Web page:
Etymology
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faineant (adj.)

1855; earlier as a noun (1610s); from French fainéant (16c.) "do-nothing," from fait, third person singular of faire "to do" (from Latin facere "to make, do," from PIE root *dhe- "to set, put") + néant "nothing" (compare dolce far niente). According to OED this is a French folk-etymology alteration of Old French faignant (14c.), present participle of faindre "to feign" (see feign). Applied in French to the late Merovingian kings, puppets in the hands of the palace mayors. Related: Faineance "the habit of doing nothing."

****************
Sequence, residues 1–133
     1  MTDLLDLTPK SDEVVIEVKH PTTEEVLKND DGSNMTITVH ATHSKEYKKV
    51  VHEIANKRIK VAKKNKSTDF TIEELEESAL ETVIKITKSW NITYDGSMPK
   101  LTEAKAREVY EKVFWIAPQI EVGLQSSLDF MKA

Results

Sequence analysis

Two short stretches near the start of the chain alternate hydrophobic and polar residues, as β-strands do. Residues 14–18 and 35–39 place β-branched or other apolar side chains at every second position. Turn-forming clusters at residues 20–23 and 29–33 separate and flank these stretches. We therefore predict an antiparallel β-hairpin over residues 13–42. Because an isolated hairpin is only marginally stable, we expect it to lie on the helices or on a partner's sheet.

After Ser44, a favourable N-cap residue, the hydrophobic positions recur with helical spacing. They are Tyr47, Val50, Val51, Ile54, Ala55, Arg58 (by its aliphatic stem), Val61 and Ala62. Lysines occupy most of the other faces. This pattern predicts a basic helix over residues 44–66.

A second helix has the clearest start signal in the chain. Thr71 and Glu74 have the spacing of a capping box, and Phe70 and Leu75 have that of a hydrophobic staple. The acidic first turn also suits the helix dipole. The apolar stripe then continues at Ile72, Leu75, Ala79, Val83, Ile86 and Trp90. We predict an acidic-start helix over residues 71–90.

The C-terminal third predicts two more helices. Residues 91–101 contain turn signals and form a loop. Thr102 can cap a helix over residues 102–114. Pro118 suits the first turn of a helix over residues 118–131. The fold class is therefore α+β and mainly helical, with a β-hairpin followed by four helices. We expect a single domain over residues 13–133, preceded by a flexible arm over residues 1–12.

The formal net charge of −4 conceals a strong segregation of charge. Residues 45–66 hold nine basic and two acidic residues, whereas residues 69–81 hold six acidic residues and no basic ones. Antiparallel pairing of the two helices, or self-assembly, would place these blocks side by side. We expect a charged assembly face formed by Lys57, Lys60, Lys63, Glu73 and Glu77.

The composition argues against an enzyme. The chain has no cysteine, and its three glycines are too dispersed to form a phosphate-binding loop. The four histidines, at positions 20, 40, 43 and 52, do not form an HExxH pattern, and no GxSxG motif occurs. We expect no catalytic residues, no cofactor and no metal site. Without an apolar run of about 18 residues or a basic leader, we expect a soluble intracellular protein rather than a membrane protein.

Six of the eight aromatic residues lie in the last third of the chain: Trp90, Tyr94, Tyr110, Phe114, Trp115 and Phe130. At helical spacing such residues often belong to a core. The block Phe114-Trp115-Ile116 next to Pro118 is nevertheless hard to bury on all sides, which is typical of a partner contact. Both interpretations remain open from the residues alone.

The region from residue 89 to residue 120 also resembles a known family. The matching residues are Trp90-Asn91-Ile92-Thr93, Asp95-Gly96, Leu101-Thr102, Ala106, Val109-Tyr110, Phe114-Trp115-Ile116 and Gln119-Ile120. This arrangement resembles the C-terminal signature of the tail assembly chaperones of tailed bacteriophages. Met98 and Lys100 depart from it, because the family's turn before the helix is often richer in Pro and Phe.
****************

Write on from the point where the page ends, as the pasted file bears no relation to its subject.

updated on May 01, 2017

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Definitions of faineant from WordNet

faineant (adj.)
disinclined to work or exertion;
faineant kings under whose rule the country languished
Synonyms: indolent / lazy / otiose / slothful / work-shy
From wordnet.princeton.edu, not affiliated with etymonline.